In the excitement, I hadn't noticed that night was filtering through the pines. I had to hold matches for Allen to dress out the animal. Now the real fun began. We had to get down off that mountain in the dark, and I never could see through the darkness like some people do. Soon I would have to ask, "Which way did you go?" Then he said, "Wait, have to go back, There's a cliff here." I had left my rifle standing against a tree near the elk and was traveling partially on all four, getting scratched and bruised. By now I had decided that this kind of camping was not my "thing." We reached our saddle horses and got back to camp just as the men were starting out to look for us.

The next day it was discovered that some of our horses were missing. We had overstayed our time, so we took stock of our supplies and found that we had only a few days' rations. With enough pack animals to carry the camp, Sam decided that we should make short treks, looking for them on the way out. By now we were down to a little rice, a little honey, a very few potatoes, a little flour, and some elk meat. I made a revolting discovery and almost blurted it out, but thought better of it. Our flour, what little there was, had weevils in it! What should I do? We weren't out of the woods yet, and we were going to have to eat it. I decided to keep my secret, so I wouldn't spoil it for everyone. I took over the biscuit and pancake making and was greasing the griddle with the same old bacon rind every day, and now it was going dry! I watched the others eating those things and forced myself to partake. After the first bite it wasn't so bad. "You're down." I said to myself. "You'll have to stay down."

Our next stop was Leota Park where an Indian friend, Eneas Granjo, had a camp. Most of the party had gone out, but the Granjos were staying a couple more days, so Mrs. Granjo could rest and benefit from the balsam trees that seemed to relieve her asthmatic condition. Sam gave an Indian man five dollars to see if he could find traces of the truant horses. Several hours later the man came back looking fagged out. "No horses," he said. "All gone home."

Since we would be back to civilization that night, Sam took the rest of our flour over to Granjo's tepee. They had been out of flour for a couple of days. I knew a moment of panic. Should I give up my secret? Well, I reasoned it hadn't killed us, and if Mrs. Granjo found it out, she could throw it out. If she didn't it wouldn't kill them either. We had another meal or two, then I could tell everybody.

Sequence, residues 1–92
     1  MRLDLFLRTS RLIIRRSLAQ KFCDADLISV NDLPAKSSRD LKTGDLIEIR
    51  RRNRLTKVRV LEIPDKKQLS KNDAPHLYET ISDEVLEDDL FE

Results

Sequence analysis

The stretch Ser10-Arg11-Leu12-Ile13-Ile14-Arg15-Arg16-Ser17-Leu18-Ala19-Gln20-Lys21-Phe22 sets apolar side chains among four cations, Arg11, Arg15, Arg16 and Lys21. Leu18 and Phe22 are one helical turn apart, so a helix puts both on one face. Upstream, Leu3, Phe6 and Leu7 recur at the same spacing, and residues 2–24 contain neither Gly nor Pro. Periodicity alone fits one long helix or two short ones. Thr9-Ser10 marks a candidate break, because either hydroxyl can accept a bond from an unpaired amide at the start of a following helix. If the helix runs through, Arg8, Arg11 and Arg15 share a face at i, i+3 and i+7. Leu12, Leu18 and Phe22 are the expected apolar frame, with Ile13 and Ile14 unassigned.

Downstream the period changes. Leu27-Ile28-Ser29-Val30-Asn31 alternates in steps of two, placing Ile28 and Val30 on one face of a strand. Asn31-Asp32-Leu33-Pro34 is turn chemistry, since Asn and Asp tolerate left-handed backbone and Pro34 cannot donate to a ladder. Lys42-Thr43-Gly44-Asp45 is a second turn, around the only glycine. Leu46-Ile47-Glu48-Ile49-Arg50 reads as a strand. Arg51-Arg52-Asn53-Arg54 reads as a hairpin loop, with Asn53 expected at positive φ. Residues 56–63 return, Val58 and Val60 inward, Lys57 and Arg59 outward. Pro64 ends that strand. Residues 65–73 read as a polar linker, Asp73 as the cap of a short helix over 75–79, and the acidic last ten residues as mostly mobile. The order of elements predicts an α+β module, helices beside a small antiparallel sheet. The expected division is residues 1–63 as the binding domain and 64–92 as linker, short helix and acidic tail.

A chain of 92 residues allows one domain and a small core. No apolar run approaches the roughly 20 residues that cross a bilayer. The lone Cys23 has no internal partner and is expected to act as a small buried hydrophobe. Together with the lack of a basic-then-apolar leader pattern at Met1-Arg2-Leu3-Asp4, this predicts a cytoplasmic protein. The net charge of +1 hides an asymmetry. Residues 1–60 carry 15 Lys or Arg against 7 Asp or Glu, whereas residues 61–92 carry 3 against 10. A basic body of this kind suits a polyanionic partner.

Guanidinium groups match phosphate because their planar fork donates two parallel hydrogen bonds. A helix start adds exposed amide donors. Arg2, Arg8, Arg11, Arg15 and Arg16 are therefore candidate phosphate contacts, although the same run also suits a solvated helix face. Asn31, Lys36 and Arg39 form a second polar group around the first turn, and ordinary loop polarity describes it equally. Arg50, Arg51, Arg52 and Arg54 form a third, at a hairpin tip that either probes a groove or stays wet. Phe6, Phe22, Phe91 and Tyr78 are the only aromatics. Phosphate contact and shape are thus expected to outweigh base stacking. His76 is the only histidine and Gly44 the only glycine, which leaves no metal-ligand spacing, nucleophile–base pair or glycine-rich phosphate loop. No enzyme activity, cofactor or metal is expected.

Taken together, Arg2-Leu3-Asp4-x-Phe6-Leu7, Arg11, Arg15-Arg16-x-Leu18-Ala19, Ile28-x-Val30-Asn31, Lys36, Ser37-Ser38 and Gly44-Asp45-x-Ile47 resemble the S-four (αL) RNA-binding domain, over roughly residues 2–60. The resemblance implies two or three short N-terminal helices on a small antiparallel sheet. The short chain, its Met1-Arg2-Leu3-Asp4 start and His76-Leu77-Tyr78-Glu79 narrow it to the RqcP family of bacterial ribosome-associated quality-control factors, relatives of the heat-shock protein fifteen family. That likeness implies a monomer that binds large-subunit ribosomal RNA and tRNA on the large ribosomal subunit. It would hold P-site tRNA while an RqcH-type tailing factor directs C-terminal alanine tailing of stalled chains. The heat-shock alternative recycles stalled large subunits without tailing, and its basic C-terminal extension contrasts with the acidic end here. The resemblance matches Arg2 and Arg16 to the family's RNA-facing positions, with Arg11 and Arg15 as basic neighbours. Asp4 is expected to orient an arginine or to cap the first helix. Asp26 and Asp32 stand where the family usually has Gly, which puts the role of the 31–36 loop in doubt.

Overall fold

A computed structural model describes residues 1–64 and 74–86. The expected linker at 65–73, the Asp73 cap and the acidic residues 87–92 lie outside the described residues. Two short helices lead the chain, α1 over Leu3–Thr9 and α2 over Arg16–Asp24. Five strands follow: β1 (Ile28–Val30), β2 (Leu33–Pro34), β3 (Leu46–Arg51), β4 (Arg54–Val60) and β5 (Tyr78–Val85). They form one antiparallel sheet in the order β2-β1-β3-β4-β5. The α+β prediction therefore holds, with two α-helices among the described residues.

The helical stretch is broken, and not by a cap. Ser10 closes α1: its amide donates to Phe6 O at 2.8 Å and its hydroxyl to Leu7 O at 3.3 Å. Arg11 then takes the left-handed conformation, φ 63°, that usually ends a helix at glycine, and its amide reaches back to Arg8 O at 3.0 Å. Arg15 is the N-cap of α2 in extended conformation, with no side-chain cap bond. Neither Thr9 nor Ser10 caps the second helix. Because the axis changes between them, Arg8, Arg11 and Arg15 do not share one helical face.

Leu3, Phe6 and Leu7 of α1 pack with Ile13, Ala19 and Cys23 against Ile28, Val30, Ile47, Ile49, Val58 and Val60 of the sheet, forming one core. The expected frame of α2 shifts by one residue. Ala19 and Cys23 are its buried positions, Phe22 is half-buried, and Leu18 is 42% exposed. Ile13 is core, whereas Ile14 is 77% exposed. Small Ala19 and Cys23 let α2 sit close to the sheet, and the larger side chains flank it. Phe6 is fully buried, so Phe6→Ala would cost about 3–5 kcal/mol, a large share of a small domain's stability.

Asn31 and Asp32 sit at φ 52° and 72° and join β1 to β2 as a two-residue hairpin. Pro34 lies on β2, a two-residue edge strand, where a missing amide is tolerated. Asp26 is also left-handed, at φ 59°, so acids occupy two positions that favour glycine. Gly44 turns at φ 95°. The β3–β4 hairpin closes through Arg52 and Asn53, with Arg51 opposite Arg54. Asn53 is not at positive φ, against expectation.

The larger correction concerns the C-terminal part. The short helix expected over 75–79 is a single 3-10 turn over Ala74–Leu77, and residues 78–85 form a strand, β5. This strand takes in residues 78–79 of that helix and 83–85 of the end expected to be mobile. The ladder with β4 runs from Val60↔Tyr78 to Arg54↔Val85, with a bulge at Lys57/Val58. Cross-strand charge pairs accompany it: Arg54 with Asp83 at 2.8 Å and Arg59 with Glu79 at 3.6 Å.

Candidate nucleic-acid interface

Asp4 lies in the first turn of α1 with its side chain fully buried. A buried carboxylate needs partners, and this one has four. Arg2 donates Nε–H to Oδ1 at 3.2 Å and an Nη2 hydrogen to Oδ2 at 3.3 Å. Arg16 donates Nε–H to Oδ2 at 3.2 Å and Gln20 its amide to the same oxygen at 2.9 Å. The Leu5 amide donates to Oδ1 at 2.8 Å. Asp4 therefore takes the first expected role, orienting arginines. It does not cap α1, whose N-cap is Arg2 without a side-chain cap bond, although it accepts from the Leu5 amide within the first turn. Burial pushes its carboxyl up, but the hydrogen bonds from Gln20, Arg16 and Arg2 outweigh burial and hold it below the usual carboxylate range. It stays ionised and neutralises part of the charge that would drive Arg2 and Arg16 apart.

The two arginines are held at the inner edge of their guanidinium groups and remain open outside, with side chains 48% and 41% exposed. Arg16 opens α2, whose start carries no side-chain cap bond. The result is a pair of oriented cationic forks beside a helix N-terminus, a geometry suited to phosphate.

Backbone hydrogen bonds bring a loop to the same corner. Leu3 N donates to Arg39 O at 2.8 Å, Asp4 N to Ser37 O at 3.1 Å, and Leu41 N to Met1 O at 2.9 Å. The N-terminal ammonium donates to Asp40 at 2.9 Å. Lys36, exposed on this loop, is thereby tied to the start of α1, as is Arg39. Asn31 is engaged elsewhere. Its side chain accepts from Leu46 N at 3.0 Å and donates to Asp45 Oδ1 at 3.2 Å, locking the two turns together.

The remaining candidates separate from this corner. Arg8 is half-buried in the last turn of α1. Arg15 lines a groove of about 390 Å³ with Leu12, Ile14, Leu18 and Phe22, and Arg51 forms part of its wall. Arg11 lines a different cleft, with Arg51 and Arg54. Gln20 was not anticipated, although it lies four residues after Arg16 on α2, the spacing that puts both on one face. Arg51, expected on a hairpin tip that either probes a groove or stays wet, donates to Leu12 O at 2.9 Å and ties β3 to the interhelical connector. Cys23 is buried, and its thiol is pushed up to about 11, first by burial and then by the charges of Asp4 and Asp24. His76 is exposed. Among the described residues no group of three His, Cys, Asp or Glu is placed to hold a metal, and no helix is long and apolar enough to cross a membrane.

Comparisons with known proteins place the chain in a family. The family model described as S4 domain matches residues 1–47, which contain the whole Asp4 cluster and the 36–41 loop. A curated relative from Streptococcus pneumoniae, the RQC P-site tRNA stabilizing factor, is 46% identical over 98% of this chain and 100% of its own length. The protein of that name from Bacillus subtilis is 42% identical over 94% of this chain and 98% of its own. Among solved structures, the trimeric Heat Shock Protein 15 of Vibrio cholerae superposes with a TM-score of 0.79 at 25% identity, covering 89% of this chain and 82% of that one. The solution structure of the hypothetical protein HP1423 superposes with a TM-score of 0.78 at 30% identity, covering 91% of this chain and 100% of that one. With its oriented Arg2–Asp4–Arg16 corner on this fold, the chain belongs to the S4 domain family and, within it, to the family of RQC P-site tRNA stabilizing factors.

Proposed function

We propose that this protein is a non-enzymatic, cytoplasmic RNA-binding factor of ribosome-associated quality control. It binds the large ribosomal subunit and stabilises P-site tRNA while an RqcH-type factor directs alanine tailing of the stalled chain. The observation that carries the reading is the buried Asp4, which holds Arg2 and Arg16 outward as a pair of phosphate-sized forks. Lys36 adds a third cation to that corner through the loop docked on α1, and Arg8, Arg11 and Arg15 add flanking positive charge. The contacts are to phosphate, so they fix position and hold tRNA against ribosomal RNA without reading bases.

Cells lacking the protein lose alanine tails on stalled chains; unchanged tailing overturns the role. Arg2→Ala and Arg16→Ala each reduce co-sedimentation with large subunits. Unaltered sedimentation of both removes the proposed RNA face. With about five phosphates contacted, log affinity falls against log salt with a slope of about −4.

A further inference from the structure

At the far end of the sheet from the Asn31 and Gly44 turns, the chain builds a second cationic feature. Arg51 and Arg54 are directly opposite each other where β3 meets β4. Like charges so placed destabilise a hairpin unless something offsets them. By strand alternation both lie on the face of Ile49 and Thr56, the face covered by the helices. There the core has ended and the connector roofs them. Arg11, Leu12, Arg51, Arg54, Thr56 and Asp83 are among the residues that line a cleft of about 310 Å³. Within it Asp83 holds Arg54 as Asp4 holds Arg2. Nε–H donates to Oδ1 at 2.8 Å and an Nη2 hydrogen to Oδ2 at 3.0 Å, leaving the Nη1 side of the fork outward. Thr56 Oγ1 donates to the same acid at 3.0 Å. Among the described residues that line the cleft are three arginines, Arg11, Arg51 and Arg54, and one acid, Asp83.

Fourteen miles to go, and we had two saddle horses for seven of us. The other two girls rode part of the way, but I was born stubborn so I walked. There was one stumbling block. The Ripleys had a pack mare that had a white colt, and he had a grudge against me. When I got too near, he laid his ears back and got ready to let fly with both hind feet. I used him for a trail guide when darkness caught us and when that white spot stopped a few feet ahead of me I stopped and waited until he moved on, knowing those hooves were ready to land in my middle.

Civilization at last. There was a great spring on top of the Morrell Creek Hill, boxed in for just such people as we. We were now scraping the bottom of the honey bucket and had a few handfuls of rice and some elk meat. We had our simple supper and I, for one, crawled into bed, dead tired. Was that the end of our little catastrophes? Well, not yet. In the morning, sister-in-law Clara went to the spring for a pail of water and came back wearing a sickly grin. She had found a dead pack rat floating in the water!

The deserting horses were found grazing contentedly down-river from Seeley Lake. The pain of my first camping trip to the mountains was soon forgotten, and the lessons learned were put to good use through the next 30 seasons of camping in The Bob Marshall back country.